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Listen Up: This 5-Step Process Will Deliver BIG Growth

Guest: John Giegerich, a coach at CEO Coaching International. John has been a top financial services executive and sales leader with a record of successfully growing multiple business units while assisting private and public companies with access to commercial and investment banking products.

Episode in a Tweet: Is your sales team hearing what your clients really need?

Quick Background: Accelerating your company’s growth rate involves much more than just improving the sales skills of your team. It takes a combination of truly listening to and understanding what your clients need and positioning your people, services, and products as the ideal, one-stop solution. 

On today’s show, John Giegerich shares five ways that businesses that have a solid foundation in place can take that next step and empower their sales force to deepen client relationships and generate BIG sales. 

Keys to Better Listening and BIG Sales from John Giegerich

Prepare your company to hear.

A company that hasn’t fine-tuned itself for optimal performance is never going to be as responsive to clients’ needs as it could be. John’s listening framework assumes that you’ve already mastered three essential elements:

1. Define your go-to-market strategy. John says, “You have to have a strategy that targets companies that need your product or service. Listening to clients better won’t do you any good if you try to sell your product or service to somebody who doesn’t need it.”

2. Recruit, coach, train, and reward top talent. “When some people think of sales, they think of the old-school salesperson who takes you out for a nice dinner and then tries to sell you a product. There are not many companies or organizations that are interested in hearing from those salespeople anymore. The type of salesperson they’re looking for is the salesperson who understands the client’s business and brings relevant solutions that will help them achieve their goal.”

3. Execute best practices with discipline and focus. “Too many sales organizations go out and try to sell wherever they can. When times are good and they’re selling, it’s great. And then when sales are bad, what happened? You had no discipline around executing the things that are important to build success every day, every week, every month, every quarter, every year.”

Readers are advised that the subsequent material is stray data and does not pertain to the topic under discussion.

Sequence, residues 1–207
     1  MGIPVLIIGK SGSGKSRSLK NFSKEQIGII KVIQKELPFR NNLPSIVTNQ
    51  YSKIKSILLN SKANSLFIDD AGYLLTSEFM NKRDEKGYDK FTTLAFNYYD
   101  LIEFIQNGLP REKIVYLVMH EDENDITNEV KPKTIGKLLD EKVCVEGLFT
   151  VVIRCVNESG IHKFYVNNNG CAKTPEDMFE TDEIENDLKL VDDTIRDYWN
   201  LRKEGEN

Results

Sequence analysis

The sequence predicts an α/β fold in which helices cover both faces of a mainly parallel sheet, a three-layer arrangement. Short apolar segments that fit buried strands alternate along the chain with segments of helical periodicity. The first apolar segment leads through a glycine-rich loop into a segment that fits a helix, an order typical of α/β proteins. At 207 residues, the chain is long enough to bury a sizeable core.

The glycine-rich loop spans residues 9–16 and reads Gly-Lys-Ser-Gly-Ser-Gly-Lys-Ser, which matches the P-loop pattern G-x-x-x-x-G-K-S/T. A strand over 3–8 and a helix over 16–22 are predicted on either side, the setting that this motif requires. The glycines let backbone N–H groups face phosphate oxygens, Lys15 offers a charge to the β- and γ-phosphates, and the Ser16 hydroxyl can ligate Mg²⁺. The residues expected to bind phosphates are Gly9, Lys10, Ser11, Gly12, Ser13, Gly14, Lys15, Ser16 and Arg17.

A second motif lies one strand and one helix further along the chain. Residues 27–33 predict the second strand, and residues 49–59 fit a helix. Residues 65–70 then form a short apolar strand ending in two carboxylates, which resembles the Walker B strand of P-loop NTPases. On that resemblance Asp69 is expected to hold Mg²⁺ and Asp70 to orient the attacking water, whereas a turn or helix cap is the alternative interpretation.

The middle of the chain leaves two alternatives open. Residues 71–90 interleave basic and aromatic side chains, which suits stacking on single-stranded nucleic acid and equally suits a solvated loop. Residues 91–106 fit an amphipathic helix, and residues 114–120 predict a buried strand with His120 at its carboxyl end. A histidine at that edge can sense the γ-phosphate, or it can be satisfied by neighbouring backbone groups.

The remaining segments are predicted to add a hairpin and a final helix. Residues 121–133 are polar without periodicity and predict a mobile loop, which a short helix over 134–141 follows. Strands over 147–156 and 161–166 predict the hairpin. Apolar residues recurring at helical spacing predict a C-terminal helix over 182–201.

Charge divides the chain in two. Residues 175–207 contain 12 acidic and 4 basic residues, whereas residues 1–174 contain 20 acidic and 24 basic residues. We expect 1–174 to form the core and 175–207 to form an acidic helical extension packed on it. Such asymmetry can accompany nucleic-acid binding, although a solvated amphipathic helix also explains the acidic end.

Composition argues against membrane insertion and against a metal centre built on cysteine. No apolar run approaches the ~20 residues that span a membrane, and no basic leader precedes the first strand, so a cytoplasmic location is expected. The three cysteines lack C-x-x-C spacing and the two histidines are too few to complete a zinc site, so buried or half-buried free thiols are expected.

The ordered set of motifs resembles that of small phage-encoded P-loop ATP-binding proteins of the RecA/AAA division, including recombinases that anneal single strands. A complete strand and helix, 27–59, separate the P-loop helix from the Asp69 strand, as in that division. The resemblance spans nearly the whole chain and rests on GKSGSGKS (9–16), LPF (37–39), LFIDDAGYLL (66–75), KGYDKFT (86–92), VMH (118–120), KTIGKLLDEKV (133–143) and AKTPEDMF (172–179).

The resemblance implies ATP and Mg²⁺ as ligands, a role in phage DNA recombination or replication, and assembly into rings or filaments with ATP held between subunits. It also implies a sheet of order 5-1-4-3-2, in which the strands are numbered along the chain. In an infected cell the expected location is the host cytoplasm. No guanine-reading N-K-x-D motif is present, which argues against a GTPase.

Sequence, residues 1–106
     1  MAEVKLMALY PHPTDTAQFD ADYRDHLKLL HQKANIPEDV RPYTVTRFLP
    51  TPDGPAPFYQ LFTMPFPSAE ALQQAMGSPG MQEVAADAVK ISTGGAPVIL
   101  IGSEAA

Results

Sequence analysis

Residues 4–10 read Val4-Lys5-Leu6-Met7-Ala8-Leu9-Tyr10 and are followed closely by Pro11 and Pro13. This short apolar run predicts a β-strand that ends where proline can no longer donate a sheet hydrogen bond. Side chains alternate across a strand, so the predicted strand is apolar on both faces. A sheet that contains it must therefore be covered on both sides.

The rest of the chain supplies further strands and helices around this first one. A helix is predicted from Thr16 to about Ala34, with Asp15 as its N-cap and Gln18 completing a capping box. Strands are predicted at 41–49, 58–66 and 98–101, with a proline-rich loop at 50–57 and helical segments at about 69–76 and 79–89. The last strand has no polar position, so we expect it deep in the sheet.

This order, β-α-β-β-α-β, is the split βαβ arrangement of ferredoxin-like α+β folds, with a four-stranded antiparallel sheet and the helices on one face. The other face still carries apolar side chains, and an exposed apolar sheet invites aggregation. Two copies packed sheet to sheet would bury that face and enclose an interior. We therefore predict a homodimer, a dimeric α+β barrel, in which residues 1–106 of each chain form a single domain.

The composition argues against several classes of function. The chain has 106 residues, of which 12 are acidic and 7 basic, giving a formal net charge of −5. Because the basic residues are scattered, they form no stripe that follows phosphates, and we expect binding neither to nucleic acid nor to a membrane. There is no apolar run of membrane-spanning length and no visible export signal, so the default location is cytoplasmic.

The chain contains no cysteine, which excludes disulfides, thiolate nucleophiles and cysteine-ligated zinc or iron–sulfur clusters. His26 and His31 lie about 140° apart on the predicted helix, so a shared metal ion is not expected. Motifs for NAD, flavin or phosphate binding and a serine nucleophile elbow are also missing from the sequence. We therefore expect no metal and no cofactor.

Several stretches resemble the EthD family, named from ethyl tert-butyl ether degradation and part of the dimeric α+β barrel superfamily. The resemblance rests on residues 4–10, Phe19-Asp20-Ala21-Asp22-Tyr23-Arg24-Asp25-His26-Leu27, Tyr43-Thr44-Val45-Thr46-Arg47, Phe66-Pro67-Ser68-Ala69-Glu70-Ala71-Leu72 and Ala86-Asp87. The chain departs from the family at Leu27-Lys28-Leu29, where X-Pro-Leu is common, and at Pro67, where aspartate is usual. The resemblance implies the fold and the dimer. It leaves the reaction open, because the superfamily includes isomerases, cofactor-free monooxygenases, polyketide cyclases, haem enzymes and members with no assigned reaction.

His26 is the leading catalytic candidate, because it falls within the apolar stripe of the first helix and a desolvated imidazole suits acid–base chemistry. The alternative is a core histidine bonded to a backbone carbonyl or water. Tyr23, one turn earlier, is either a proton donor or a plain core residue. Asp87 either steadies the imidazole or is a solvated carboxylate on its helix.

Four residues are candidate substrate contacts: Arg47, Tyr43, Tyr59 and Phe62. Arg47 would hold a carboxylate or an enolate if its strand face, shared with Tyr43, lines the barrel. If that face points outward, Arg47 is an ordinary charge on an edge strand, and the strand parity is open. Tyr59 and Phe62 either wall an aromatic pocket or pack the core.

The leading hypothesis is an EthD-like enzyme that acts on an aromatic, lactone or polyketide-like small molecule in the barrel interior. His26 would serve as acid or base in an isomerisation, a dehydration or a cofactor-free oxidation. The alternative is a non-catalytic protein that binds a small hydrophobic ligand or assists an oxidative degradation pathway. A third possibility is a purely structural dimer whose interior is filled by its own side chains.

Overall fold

Once your company has these fundamentals down, you’re ready to move on to John’s five-step listening process.

1. Develop a personal connection and trust.

Authenticity has arguably never been more important to a company’s success. Until face-to-face business is the norm again your marketing, your messaging, and your sales pitch have to cut through that digital barrier and stand out in an increasingly crowded online marketplace. The best salesperson in the world won’t close a BIG new account if any piece of that puzzle feels phony to clients and prospects.

John Giegerich: It’s critical that you look at your solutions and only pick the ones that will actually help clients achieve what they’re trying to achieve and then work to deliver those to them.

John says, “Anyone is going to see through a fake attempt to develop a personal relationship. It’s about having a desire to get to know someone better on a personal level, and also try to understand their business more deeply. A sales training program I went through years ago had a catchphrase: ‘Period, pause.’ You ask your clients a question, and you pause, and wait for them to answer. Too many people want to fill the void of silence with noise.”

2. Understand the client’s business and strategic plan.

Once your sales people have made that initial connection, it’s important they learn how to step back and assess the real purpose of this relationship. Your client isn’t looking for a best friend, they’re looking for solutions, upgrades, and new opportunities for growth.

“If someone likes you but they don’t think you understand their business and what they’re trying to accomplish,” John says, “they’re really not interested in hearing what you might have to offer to them. They don’t think you’ll be offering it in an informed way. So it’s critical you understand their business, their goals and objectives, and where they’re trying to go.”

“The Challenger Sale” suggests one strategy that John really likes: having your team position themselves as consultants rather than pure sellers. Instead of asking a client what they’re worried about, a salesperson who really knows that client should be able to anticipate potential problems and offer your products or services as means to stay ahead of the curve.

Another powerful tool is the CEO Coaching International Crystal Ball. The same exercise you use at the beginning of every year to set BIG goals can also help your clients see what they want and how you can help them get it.